The results are in for the financial confidence survey commissioned by Interac this fall, and as the world steps away from the uncertainty of the pandemic, we see that cracks are showing in the financial confidence of Canadians, with 61 per cent of survey respondents saying they face barriers that hinder feelings of financial control.
The survey asked 1,500 Canadian adults from different ages, household incomes, genders, locations, and education levels how financially confident and in control they are feeling about their finances. The results provide some interesting insights into some of the common issues threatening the financial confidence of Canadians and what can be done to raise it.
Finding the cracks in financial confidence
Overall, as current financial issues such as rising inflation have been impacting many, more than 7 in 10 Canadians (71 per cent) note that it’s more important than ever to feel in control of their money.
Unfortunately, the cracks in feelings of confidence begin to show as we go deeper into the data as younger Canadians (74 per cent among Gen Z and Millennials), those with a household income under $55,000 (67 per cent), and women (64 per cent) are more likely to say they face financial barriers than other demographics.
Among the barriers faced is a lack of knowledge around financial terminology. Women (27 per cent), Gen Z (33 per cent), Millennials (36 per cent), and those with a lower household income (28 per cent) are among the most likely to agree that a lack of financial knowledge contributes to feeling overwhelmed.
The importance of outreach, awareness, and education
Fortunately, through this data we definitely see room for significant growth in how financial education can be spread so even more people feel confident, in control, and in the know when it comes to their finances. Digital tools, financial experts, and significant educational outreach in the communities that need it most can come together to help seal the cracks in financial confidence and control found in the data.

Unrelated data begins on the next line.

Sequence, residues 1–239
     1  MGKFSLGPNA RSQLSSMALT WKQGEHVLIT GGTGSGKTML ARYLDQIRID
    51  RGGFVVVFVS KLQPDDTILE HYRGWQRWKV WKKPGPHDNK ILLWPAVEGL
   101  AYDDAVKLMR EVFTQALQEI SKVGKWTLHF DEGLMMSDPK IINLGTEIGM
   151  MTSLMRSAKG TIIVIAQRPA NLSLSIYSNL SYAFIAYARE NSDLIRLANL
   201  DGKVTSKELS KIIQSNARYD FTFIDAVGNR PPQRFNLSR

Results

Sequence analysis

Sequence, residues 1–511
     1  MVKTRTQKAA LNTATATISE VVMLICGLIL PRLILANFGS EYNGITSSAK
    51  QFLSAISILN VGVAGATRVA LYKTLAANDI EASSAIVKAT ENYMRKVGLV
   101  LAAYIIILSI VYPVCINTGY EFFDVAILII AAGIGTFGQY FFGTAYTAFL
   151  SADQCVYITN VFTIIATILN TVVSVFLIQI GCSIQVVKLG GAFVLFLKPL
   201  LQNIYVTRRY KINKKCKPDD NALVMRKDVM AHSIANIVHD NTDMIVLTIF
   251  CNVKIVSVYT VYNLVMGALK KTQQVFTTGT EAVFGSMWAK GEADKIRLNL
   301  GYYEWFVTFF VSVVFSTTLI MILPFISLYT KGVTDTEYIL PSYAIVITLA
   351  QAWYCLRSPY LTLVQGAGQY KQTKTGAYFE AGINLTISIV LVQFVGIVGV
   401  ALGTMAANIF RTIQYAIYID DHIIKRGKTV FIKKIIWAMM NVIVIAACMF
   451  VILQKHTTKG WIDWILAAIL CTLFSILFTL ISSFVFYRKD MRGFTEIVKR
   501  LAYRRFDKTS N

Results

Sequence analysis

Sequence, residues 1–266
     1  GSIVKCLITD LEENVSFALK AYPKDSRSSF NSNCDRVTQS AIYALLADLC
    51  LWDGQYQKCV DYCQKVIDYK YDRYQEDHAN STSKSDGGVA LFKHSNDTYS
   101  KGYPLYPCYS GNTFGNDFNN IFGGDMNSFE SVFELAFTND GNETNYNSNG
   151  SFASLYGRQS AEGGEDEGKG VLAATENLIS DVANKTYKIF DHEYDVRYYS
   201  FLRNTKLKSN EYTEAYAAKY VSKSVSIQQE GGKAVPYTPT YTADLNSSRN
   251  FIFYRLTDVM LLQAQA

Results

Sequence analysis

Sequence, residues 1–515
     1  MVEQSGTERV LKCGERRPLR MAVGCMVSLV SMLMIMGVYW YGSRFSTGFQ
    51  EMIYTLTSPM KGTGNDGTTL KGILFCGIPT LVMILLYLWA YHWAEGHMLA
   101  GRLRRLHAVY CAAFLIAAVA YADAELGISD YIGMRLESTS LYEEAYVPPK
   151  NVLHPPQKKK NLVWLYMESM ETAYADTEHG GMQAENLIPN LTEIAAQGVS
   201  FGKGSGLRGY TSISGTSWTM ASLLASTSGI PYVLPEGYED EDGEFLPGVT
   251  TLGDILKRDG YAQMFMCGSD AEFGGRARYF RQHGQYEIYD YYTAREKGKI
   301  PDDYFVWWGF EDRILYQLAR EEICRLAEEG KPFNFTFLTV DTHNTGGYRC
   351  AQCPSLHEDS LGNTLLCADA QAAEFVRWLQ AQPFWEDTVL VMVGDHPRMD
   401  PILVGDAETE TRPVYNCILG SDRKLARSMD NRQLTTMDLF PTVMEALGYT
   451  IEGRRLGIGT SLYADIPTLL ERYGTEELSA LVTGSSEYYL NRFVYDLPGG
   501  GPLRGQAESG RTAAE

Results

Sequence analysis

With the aim of ensuring that everyone has access to financial education, Interac has developed partnerships dedicated to raising financial literacy for everyday Canadians.
“Our research indicates that Canadians, now more than ever, are in need of solutions to help knock down barriers and reinforce financial confidence during these uncertain economic times,” says Daria Hill, Vice President, Marketing and Communications at Interac Corp. “Anxiety during these challenging circumstances is high and further complicated by uncertainty in markets, making it a priority for us at Interac to invest in programming and resources that can help to strengthen financial resilience in Canadians, especially among more vulnerable groups.
How we’re helping
Interac & Conscious Economics
The most recent partnership is Mindfulness & Money for Canadians, which offers a free, foundational digital learning platform to support the development of financial wellbeing skills through the lens of mindfulness, to Canadians coast-to-coast-to-coast. Created in honour of Financial Literacy Month and led by Conscious Economics CEO and founder Rhiannon Rosalind, the curriculum features a wide range of diverse voices who are business owners, experts, and thought leaders in their respective fields who bring their lived experiences to the information they’re presenting. With a lens on mindfulness, the course aims to reach Canadians looking to build their Financial confidence with a focus on mindful spending, self-love, and financial therapy. This is the second series of Mindfulness & Money following the free digital curriculum for diverse entrepreneurs that launch in September.